golangEstimated reading time: 8 minutes
Go (golang) is a general purpose, higher-level, imperative programming language.
GitHub repo: https://github.com/docker-library/golang
Supported tags and respective
Where to file issues:
the Docker Community
Supported Docker versions:
the latest release (down to 1.6 on a best-effort basis)
What is Go?
Go (a.k.a., Golang) is a programming language first developed at Google. It is a statically-typed language with syntax loosely derived from C, but with additional features such as garbage collection, type safety, some dynamic-typing capabilities, additional built-in types (e.g., variable-length arrays and key-value maps), and a large standard library.
How to use this image
Start a Go instance in your app
The most straightforward way to use this image is to use a Go container as both the build and runtime environment. In your
Dockerfile, writing something along the lines of the following will compile and run your project:
FROM golang:1.8 WORKDIR /go/src/app COPY . . RUN go-wrapper download # "go get -d -v ./..." RUN go-wrapper install # "go install -v ./..." CMD ["go-wrapper", "run"] # ["app"]
You can then build and run the Docker image:
$ docker build -t my-golang-app . $ docker run -it --rm --name my-running-app my-golang-app
go-wrapper run includes
set -x so the binary name is printed to stderr on application startup. If this behavior is undesirable, then switching to
CMD ["app"] (or
CMD ["myapp"] if a Go custom import path is in use) will silence it by running the built binary directly.
Compile your app inside the Docker container
There may be occasions where it is not appropriate to run your app inside a container. To compile, but not run your app inside the Docker instance, you can write something like:
$ docker run --rm -v "$PWD":/usr/src/myapp -w /usr/src/myapp golang:1.8 go build -v
This will add your current directory as a volume to the container, set the working directory to the volume, and run the command
go build which will tell go to compile the project in the working directory and output the executable to
myapp. Alternatively, if you have a
Makefile, you can run the
make command inside your container.
$ docker run --rm -v "$PWD":/usr/src/myapp -w /usr/src/myapp golang:1.8 make
Cross-compile your app inside the Docker container
If you need to compile your application for a platform other than
linux/amd64 (such as
$ docker run --rm -v "$PWD":/usr/src/myapp -w /usr/src/myapp -e GOOS=windows -e GOARCH=386 golang:1.8 go build -v
Alternatively, you can build for multiple platforms at once:
$ docker run --rm -it -v "$PWD":/usr/src/myapp -w /usr/src/myapp golang:1.8 bash $ for GOOS in darwin linux; do > for GOARCH in 386 amd64; do > go build -v -o myapp-$GOOS-$GOARCH > done > done
golang images come in many flavors, each designed for a specific use case.
This is the defacto image. If you are unsure about what your needs are, you probably want to use this one. It is designed to be used both as a throw away container (mount your source code and start the container to start your app), as well as the base to build other images off of. This tag is based off of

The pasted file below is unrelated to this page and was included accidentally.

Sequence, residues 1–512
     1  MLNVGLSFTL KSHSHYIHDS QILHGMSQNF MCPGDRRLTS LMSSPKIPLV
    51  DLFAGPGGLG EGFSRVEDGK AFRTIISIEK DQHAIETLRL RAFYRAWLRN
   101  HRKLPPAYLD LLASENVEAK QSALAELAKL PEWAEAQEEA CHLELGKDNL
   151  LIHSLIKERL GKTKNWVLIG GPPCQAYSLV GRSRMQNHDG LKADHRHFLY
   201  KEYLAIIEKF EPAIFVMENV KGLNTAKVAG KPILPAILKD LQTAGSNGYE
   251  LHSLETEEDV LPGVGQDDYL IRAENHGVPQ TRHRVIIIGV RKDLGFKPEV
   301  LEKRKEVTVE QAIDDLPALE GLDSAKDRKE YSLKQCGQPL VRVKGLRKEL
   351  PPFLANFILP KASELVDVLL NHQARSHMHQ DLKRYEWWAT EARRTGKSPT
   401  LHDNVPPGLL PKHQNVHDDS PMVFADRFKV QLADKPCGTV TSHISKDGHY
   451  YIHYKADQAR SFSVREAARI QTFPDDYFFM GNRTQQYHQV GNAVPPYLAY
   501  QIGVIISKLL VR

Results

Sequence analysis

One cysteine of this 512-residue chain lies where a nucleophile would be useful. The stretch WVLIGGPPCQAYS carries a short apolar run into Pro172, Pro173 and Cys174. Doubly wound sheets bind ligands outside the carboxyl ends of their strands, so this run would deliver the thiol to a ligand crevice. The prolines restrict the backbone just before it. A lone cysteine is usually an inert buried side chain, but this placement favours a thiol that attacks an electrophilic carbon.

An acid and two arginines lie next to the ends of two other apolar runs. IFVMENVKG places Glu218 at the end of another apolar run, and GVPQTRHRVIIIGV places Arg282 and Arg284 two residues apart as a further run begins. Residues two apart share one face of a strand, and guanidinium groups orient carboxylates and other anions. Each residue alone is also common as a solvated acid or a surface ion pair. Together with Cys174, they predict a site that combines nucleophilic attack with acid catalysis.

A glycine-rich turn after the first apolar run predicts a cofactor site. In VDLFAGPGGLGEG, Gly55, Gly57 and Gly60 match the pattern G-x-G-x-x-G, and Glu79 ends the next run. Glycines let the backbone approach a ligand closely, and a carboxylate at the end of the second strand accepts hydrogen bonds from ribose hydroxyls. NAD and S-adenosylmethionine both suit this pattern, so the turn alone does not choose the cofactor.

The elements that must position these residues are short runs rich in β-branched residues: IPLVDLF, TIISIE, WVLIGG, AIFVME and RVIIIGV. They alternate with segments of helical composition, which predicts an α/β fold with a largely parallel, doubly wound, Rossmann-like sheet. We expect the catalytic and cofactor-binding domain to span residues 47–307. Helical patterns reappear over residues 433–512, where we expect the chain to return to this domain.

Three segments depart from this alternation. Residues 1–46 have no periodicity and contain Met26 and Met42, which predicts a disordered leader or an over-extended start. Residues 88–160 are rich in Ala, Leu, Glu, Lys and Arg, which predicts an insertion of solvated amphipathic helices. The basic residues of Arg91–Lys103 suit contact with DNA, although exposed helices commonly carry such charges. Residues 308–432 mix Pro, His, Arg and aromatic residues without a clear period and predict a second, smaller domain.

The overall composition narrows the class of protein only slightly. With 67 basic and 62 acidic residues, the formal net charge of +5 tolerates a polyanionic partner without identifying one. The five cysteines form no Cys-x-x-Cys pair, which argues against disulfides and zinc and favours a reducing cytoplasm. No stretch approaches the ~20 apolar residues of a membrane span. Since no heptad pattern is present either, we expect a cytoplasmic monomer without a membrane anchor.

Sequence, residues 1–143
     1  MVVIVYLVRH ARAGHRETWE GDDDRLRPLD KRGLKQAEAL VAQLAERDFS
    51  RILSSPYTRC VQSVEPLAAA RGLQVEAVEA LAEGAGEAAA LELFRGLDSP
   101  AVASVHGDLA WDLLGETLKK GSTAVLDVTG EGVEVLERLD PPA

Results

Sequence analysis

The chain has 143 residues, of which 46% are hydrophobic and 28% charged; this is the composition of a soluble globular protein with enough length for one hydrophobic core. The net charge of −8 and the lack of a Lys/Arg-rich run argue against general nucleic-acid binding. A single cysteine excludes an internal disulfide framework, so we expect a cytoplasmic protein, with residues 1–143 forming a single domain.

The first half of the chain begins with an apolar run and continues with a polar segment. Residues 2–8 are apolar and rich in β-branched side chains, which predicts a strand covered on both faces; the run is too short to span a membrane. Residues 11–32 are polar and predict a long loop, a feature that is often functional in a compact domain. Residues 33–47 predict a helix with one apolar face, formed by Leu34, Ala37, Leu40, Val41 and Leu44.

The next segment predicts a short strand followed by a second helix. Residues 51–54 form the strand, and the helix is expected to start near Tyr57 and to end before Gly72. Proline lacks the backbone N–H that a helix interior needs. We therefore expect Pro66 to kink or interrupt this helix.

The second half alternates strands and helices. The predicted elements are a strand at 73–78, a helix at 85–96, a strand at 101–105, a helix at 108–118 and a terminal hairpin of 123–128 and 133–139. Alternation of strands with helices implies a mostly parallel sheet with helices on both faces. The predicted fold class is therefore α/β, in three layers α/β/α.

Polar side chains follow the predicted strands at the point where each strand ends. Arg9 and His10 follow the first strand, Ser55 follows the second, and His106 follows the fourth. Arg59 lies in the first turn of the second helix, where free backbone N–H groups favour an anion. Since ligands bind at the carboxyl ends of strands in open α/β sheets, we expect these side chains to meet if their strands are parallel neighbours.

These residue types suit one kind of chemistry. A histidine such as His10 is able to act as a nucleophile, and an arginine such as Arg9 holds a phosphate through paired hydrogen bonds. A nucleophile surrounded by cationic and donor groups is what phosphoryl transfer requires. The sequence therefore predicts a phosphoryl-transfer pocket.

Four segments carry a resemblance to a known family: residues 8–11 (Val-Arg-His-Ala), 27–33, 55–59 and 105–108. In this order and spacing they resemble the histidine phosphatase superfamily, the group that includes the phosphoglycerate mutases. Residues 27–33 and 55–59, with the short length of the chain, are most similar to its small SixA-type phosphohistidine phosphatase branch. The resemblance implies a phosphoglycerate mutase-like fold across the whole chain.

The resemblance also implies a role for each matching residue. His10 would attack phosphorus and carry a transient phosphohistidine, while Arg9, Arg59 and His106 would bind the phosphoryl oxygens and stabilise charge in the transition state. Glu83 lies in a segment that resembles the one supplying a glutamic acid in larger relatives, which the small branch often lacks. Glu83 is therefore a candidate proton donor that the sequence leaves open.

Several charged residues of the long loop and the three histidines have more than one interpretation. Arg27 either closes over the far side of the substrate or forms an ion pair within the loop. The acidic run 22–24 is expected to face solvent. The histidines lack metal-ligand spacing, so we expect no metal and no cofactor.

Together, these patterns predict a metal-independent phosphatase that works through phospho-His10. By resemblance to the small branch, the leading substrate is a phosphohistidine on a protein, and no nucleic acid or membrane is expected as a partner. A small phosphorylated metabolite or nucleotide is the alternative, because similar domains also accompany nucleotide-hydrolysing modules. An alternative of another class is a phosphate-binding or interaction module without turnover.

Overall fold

buildpack-deps is designed for the average user of docker who has many images on their system. It, by design, has a large number of extremely common Debian packages. This reduces the number of packages that images that derive from it need to install, thus reducing the overall size of all images on your system.
This image is based on the popular Alpine Linux project, available in the
alpine official image. Alpine Linux is much smaller than most distribution base images (~5MB), and thus leads to much slimmer images in general.
This variant is highly recommended when final image size being as small as possible is desired. The main caveat to note is that it does use musl libc instead of glibc and friends, so certain software might run into issues depending on the depth of their libc requirements. However, most software doesn’t have an issue with this, so this variant is usually a very safe choice. See this Hacker News comment thread for more discussion of the issues that might arise and some pro/con comparisons of using Alpine-based images.
To minimize image size, it’s uncommon for additional related tools (such as
bash) to be included in Alpine-based images. Using this image as a base, add the things you need in your own Dockerfile (see the
alpine image description for examples of how to install packages if you are unfamiliar).
ONBUILD image variants are deprecated, and their usage is discouraged. For more details, see docker-library/official-images#2076.
onbuild variant is really useful for “getting off the ground running” (zero to Dockerized in a short period of time), it’s not recommended for long-term usage within a project due to the lack of control over when the
ONBUILD triggers fire (see also
Once you’ve got a handle on how your project functions within Docker, you’ll probably want to adjust your
Dockerfile to inherit from a non-
onbuild variant and copy the commands from the
Dockerfile (moving the
ONBUILD lines to the end and removing the
ONBUILD keywords) into your own file so that you have tighter control over them and more transparency for yourself and others looking at your
Dockerfile as to what it does. This also makes it easier to add additional requirements as time goes on (such as installing more packages before performing the previously-
This image is based on Windows Server Core (
microsoft/windowsservercore). As such, it only works in places which that image does, such as Windows 10 Professional/Enterprise (Anniversary Edition) or Windows Server 2016.
For information about how to get Docker running on Windows, please see the relevant “Quick Start” guide provided by Microsoft:
View license information for the software contained in this image.library, sample, golang